At lunch last week, I handed out the first of my new business cards with the title “Director, Hootenanny Division.” My lunchmate looked down and said, “Sounds fun, what do you do?”
Then, I had to explain that part of the job involves watching open meetings of the Federal Communications Commission (FCC) and reporting on what our federal government has in store for us next. It’s a bit like being a passenger on a steam train. No matter how much fuss you make in the coach cars, the engineer can’t hear you, and wouldn’t care if he could. The engineer’s got places to go, and nothing is going hold him back.
That’s like the FCC and its latest efforts to impose Title II regulation on much of the internet—nothing’s going to hold ‘em back.
Toward that end, and to no one’s surprise, the FCC on Oct. 19 voted 3-2 to move forward with rulemaking to reestablish the commission’s authority over broadband internet access by classifying it as a telecommunications service under Title II of the Communications Act.
A quick refresher on why we say “reestablish”:
- In 2015, the FCC issued the Open Internet Order (OIO) that reclassified broadband internet access as a telecommunications service subject to Title II of the Communications Act. Proponents of the OIO argued that Title II classification was necessary to ensure “net neutrality,” which requires that internet service providers (ISP) treat all internet traffic equally.
- In 2018, the Title II classification was repealed by the FCC’s Restoring Internet Freedom Order.
- In 2021, President Joe Biden issued an executive order that “encouraged” the FCC to “[r]estore Net Neutrality rules undone by the prior administration.”
- Last month, Anna Gomez was confirmed as an FCC commissioner, providing the commission a 3-2 Democratic majority. A day after she was sworn into office, FCC Chair Jessica Rosenworcel announced the agency’s proposal to reimpose Title II regulation on internet services. This time, however, the FCC is leaning heavily on national-security concerns as justification for its common-carrier regulations, rather than net neutrality.
Senior Republican FCC Commissioner Brendan Carr dissented, arguing that classifying broadband under Title II would harm innovation, investment, and 5G deployment. He claimed the past predictions about repealing net neutrality being “the end of the internet as we know it” never materialized, adding that: “You might expect some degree of regulatory humility after the 2017 predictions failed to materialize.” He criticized applying 1930s-era utility regulation to the modern internet. Citing Obama-era solicitors, Carr argued that the U.S. Supreme Court would strike down classifying broadband under Title II.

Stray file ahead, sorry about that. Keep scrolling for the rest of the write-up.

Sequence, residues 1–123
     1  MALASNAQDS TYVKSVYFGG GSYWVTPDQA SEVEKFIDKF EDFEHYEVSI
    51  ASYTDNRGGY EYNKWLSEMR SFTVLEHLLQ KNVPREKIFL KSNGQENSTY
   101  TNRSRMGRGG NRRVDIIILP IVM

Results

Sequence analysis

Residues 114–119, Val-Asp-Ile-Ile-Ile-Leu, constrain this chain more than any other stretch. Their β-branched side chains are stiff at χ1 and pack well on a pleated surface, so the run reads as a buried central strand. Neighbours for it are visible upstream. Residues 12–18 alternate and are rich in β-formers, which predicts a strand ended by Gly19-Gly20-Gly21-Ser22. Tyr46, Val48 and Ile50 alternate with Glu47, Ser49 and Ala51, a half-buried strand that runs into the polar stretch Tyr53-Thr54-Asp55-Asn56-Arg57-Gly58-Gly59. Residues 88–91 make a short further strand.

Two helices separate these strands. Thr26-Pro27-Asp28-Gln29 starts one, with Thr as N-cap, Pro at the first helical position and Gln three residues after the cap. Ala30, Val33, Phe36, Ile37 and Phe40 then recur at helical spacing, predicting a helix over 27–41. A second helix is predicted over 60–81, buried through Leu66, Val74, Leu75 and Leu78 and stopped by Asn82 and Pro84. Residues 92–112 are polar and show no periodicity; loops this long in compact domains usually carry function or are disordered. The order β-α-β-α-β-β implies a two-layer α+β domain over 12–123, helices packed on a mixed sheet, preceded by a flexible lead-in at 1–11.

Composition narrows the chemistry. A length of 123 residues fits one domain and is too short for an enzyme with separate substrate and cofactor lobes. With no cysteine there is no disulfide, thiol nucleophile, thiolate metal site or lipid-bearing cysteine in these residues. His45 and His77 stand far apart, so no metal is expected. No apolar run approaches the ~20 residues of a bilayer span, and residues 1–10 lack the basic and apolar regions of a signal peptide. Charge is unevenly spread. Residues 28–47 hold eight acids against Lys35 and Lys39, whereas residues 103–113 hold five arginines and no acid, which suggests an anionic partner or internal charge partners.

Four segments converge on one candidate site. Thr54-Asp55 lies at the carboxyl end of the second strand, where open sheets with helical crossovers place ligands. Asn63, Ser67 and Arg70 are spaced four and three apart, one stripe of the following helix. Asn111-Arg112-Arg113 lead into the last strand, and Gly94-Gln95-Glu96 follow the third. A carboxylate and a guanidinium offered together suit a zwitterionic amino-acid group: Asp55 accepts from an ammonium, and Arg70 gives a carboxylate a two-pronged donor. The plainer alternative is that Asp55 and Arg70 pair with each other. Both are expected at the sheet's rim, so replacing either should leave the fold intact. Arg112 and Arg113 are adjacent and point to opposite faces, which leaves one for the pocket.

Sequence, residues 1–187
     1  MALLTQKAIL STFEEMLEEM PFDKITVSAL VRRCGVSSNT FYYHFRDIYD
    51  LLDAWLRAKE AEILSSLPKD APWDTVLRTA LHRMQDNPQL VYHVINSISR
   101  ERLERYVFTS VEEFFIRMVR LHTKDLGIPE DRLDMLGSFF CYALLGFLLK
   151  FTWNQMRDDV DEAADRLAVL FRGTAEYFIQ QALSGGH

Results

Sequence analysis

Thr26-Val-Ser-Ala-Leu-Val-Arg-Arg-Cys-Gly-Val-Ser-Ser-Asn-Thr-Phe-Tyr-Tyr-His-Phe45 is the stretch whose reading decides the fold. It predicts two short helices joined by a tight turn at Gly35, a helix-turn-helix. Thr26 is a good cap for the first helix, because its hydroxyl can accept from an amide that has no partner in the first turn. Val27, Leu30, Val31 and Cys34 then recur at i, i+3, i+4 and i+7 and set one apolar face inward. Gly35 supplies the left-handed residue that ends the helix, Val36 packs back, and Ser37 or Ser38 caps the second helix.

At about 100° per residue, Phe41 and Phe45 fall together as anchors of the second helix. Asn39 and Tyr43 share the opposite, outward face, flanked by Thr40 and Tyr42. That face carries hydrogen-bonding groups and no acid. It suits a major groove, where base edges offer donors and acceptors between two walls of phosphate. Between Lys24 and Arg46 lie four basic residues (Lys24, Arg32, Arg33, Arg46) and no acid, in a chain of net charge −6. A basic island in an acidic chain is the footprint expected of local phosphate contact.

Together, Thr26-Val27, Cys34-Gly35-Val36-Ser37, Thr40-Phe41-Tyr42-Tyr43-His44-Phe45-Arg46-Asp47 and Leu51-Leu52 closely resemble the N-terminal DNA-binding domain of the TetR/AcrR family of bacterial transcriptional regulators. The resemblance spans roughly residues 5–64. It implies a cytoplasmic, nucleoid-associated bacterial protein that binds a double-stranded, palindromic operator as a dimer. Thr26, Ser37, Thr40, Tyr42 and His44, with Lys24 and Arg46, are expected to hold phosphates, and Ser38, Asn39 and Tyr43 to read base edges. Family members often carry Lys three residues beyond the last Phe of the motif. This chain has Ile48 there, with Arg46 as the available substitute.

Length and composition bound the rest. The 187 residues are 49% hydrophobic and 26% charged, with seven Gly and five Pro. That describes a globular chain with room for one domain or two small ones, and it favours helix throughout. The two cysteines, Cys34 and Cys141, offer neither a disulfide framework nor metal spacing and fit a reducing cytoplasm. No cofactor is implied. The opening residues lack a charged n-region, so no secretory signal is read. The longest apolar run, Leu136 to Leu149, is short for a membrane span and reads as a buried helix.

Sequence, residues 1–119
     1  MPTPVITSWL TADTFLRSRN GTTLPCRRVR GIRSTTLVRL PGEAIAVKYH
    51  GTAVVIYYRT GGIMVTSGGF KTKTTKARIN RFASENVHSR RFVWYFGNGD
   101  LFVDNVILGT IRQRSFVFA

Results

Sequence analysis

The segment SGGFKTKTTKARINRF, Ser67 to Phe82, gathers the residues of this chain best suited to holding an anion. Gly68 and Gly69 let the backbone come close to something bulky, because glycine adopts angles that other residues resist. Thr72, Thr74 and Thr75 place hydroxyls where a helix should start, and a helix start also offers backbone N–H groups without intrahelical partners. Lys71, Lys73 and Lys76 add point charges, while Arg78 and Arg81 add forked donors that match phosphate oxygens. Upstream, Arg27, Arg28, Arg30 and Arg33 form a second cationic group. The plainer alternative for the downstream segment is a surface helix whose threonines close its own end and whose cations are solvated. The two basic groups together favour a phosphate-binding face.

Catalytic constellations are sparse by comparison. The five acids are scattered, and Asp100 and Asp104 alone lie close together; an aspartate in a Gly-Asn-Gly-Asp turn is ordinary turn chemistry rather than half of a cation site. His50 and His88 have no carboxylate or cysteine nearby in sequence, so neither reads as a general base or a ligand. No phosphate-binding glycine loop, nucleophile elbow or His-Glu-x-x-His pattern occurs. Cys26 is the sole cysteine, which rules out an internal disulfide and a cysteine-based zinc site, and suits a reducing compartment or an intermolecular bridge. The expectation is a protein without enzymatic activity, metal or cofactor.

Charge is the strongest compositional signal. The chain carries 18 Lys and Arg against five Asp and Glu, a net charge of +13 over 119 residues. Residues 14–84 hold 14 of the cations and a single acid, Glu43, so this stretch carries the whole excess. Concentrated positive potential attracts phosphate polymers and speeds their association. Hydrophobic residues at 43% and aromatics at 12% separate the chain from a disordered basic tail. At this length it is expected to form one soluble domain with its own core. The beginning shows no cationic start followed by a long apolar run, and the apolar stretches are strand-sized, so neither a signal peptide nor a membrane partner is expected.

Commissioner Geoffrey Starks approved moving forward with the rulemaking process, arguing that Title II would protect consumers: “No one should tell these Americans how they can and can’t use the internet and no one should be able to exploit or leverage their connection that they cherish.” Starks said the rulemaking would address gaps in the FCC’s authority over national security and public safety, and defended the FCC’s legal authority to restore the 2015 net-neutrality rules, despite judicial changes.
Commissioner Nathan Simington dissented, claiming the proposed rules are unnecessary, overly broad, and unlikely to survive judicial review. He argued the FCC’s focus on ISPs is misdirected:
I will note, an agency constantly changing its mind without any evidence of a problem is classic arbitrary and pernicious behavior. Additionally, focusing on ISPs, when they are less powerful and monopolistic than Big Tech companies, still raises more questions about arbitrary and capricious action.
Simington echoed Carr that claims that repeal of the earlier Title II regulation would harm the internet were proven false. Rather, he argued, Title II regulation “should worry everyone who hopes for more technology” and specifically, “5G will be crippled.”
In the first full meeting since her confirmation, Commissioner Gomez approved the next step in the rulemaking, saying it would align broadband deployment with open-internet policies:
This proceeding is not about controlling internet content. It is not about stifling investment, regulating rates, or reducing competition. It is not about controlling the internet. Instead the proposed net neutrality rules will ensure access to the internet remains open so that all viewpoints—including those with wihch I disagree—are heard.